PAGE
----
On November 19-20, Dr. Ashad Sentongo, AIPR’s Director for Africa Programs, participated in a regional conference in Addis Ababa, Ethiopia. The event, titled “Peace in the Horn of Africa: Can Federalism Help?”, was hosted by the Friedrich Ebert Stiftung in collaboration with the Center for Federal Studies at Addis Ababa University. Academics, practitioners, and relevant stakeholders were invited to share experiences and views on how federalism can improve internal governance systems, reduce conflicts, and manage diversity on the region.
At the conference, Dr. Sentongo delivered a presentation entitled “Prevention of Violent Conflicts: Mechanisms for Handling Ethnic-Based Conflicts”. The presentation highlighted common theoretical and structural approaches to organize societies in Africa, especially those with a multi-ethnic character. His contribution also explored why the ethnic question persists despite increased institutionalization of decentralized and/or federal systems of government in Africa such as Uganda, Kenya, Rwanda or South Africa, Ethiopia and Nigeria.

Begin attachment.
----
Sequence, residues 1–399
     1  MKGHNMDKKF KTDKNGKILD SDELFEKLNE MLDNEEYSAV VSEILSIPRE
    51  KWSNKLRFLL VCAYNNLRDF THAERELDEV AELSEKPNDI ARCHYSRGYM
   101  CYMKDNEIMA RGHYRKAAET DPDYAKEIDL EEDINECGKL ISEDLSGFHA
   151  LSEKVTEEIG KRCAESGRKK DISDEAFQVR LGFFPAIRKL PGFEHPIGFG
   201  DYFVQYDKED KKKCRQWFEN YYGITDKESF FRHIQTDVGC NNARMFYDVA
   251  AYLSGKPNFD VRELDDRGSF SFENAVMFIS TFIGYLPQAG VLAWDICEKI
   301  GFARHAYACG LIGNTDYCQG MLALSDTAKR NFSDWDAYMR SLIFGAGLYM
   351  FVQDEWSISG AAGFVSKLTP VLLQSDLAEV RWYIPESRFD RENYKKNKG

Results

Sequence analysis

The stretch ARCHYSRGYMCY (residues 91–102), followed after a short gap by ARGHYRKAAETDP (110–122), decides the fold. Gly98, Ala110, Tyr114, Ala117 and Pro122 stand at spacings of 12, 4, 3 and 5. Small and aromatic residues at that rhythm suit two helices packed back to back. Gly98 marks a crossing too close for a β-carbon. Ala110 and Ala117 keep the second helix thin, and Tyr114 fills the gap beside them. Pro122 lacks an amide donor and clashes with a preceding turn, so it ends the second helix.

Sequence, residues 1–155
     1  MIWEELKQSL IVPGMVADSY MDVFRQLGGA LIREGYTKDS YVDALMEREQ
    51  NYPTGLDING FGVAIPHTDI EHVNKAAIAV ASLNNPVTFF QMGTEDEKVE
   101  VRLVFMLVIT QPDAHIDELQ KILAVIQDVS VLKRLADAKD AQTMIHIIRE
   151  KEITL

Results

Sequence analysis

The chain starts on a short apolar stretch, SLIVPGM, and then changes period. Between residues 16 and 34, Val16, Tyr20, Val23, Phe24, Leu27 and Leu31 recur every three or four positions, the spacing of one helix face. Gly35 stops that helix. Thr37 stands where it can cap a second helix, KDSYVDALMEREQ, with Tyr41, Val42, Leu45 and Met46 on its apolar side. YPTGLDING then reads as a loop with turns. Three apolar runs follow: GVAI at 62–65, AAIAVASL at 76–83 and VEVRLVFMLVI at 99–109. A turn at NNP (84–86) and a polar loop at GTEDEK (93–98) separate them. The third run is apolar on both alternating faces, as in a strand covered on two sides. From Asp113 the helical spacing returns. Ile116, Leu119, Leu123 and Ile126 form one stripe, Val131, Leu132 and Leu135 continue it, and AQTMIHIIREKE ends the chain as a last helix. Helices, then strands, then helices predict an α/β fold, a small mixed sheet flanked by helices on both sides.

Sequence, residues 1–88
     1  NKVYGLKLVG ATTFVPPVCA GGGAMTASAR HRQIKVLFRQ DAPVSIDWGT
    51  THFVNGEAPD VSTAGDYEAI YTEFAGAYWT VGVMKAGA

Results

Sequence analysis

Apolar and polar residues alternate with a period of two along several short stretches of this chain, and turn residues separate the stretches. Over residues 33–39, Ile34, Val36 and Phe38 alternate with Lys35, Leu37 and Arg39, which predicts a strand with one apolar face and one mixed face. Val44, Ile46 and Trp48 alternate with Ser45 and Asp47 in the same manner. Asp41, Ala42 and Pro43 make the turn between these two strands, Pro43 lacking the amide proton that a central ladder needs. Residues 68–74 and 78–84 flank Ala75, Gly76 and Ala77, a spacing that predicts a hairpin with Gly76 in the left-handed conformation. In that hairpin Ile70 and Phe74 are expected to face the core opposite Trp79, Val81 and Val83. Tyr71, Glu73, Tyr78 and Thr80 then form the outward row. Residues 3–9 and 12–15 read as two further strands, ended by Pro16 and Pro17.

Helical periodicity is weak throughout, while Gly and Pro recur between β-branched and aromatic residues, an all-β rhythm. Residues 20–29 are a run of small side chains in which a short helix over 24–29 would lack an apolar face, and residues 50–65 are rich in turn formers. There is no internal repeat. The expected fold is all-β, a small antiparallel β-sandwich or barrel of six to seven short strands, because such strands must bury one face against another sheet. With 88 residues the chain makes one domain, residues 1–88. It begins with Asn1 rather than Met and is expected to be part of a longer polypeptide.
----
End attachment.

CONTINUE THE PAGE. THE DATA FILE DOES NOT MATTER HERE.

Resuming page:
Dr. Sentongo also spoke about enduring challenges and the shortfalls of federalism, which explain the persistence of ethnic mobilization in African societies, often with the demand for more power from the state. This includes the failure to translate citizens’ participation in decision-making (e.g. election of local leaders) into meaningful power in accordance with local interests. Dr. Sentongo also spoke about the enduring problem of dual authorities, that is, the contest between state and alternative forms of influence (traditional and religious), ethnic majorities becoming political majorities which go on to dominate those in the minority, the “recentralization of decentralization” under the winner-take-all multi-party political arrangements, and the politicization of the delivery of services among others.
For more information on AIPR’s Africa Programs, please click here.